Lines Written on Visiting the Grave of a Venerated Friend

Dublin Core


Lines Written on Visiting the Grave of a Venerated Friend


Deep in this grave, her bones remain, -
She's sleeping on bereft of pain, -
Her tongue in silence now does sleep,
And she no more times call can greet.

She lived, as all God's saints should do,
Resigned to death, and suffering too:
She feel's not pain, nor sin oppress'd,
Nor is of worldly cares possess'd.

White were the locks that thinly shed
Their snows around her honor'd head,
And furrows not to be effaced,
Had ago amid her features traced.

I said, my sister, DO tread light,
Faint as the star that gleams at night,
Nor pluck the tender leaves that wave
In sweetness o'er this sainted grave.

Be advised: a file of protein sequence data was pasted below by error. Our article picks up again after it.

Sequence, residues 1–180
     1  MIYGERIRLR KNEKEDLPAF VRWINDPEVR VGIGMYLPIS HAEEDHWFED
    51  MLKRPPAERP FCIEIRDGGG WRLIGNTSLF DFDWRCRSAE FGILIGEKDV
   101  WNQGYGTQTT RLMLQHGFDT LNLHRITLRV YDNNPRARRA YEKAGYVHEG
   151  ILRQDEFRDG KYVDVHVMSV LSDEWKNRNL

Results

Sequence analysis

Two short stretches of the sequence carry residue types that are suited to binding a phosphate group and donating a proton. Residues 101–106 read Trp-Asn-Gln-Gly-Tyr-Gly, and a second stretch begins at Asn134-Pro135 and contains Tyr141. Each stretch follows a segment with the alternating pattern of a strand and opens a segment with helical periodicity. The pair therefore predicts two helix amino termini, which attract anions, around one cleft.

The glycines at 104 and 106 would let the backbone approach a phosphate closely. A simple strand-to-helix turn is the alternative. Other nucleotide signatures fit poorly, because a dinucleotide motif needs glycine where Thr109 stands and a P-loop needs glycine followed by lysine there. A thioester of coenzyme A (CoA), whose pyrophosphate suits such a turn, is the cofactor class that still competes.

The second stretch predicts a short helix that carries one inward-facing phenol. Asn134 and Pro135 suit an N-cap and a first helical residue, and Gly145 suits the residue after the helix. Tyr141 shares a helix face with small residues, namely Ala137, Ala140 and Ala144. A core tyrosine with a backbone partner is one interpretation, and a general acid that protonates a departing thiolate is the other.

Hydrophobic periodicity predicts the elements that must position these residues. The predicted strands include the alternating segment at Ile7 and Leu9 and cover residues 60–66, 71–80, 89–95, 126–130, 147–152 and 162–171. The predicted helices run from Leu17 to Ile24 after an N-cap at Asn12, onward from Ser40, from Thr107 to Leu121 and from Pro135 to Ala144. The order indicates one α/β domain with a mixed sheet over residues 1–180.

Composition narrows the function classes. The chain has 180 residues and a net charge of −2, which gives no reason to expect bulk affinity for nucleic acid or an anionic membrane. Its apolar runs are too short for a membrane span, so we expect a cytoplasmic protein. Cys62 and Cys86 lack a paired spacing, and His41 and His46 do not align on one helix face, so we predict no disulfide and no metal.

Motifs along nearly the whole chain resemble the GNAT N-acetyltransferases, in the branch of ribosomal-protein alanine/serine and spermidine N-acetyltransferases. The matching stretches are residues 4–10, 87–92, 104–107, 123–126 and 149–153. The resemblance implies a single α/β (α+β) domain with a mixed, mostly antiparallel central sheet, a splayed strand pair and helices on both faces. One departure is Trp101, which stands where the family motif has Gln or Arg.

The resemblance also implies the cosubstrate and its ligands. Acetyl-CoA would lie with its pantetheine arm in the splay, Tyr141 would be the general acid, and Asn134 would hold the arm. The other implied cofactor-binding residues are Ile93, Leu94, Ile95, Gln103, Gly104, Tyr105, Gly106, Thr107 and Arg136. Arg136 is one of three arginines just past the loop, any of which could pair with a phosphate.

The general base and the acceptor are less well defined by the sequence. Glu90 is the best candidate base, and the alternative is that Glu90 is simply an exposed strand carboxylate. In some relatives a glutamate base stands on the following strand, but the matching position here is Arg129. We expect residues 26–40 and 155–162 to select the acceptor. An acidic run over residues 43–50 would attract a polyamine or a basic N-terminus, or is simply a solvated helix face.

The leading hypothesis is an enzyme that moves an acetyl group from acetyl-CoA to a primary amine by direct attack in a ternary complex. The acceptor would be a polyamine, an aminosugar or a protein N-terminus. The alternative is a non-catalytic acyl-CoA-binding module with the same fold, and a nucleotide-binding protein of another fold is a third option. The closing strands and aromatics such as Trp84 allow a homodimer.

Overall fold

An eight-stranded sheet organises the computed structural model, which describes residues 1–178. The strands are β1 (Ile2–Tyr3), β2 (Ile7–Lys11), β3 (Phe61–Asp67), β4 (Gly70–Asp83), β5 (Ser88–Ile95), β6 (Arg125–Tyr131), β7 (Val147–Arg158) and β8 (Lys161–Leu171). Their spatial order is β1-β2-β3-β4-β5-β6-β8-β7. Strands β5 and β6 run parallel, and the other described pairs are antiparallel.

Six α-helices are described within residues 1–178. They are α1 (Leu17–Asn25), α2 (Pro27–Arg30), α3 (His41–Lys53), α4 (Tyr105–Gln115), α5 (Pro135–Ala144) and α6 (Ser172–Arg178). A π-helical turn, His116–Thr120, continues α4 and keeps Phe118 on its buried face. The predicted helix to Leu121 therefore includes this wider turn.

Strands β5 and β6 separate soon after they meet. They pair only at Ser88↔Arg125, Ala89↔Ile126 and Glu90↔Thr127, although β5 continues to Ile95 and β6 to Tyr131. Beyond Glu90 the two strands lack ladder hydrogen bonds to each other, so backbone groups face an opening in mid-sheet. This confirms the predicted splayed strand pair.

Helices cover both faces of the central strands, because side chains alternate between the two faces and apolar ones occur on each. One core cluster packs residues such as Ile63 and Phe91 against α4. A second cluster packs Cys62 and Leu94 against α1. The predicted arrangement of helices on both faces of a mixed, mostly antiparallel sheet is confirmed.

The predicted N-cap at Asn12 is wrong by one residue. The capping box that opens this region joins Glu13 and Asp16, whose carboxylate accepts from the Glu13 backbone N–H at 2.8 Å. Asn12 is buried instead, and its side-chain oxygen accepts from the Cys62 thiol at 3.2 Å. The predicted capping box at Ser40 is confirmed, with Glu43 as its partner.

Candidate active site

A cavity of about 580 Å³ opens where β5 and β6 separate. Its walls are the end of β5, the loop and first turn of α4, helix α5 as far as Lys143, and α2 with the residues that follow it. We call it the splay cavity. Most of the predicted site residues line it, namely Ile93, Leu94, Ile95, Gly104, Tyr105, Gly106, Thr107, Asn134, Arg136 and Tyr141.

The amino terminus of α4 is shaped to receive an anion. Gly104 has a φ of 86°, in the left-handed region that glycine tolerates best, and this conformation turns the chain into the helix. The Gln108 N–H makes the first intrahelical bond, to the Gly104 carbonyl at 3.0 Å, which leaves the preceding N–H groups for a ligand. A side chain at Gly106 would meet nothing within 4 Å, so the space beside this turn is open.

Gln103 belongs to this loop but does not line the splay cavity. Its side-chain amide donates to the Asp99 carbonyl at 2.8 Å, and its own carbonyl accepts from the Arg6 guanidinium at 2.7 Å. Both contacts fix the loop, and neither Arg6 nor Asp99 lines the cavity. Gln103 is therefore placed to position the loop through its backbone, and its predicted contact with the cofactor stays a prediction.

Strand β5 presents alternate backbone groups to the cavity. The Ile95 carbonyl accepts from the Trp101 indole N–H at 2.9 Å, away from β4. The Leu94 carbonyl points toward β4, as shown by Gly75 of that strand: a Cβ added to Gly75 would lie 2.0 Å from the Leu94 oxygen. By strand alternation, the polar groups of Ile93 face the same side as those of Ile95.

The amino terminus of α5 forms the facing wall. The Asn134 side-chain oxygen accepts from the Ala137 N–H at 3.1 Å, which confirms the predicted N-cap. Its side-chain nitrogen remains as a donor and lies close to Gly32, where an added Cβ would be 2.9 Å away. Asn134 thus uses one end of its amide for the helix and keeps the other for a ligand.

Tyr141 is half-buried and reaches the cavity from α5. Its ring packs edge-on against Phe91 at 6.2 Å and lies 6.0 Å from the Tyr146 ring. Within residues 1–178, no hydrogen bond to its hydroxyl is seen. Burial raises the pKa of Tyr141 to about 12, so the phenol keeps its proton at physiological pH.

The rose I've planted by her side,
It tells me of that fate decried,
And bids us all prepare to die,
For that our doom is hast'ning nigh.

Oh! that the gale that sweeps the heath
Too roughly o'er your leaves should breathe,
Then sigh for her, - and when you bloom,
Scather your fragrance o'er her tomb.

Alone I've wander'd through the gloom
To pour my lays upon her tomb:
And I have mourn'd to see her bed
With brambles and with thorns o'erspread.

O! surely, round her place of rest
I will not let the weed be blest,
It is not meet that she should be
Forgotten or unblest by me

My sister said, "tell of this grave;"
Go ask, said I, the thoughtless wave,
And spend one hour in anxious care,
In duty, penitence, and prayer.

Farewell! let memory bestow,
That all may soon be laid as low,
For out of dust we were composed,
And turn to dust, to sleep, repose.

Hartford, August 31st, 1840.


Ann Plato


New Series 1:27, p. 4




Ann Plato, “Lines Written on Visiting the Grave of a Venerated Friend,” Periodical Poets, accessed May 18, 2024,


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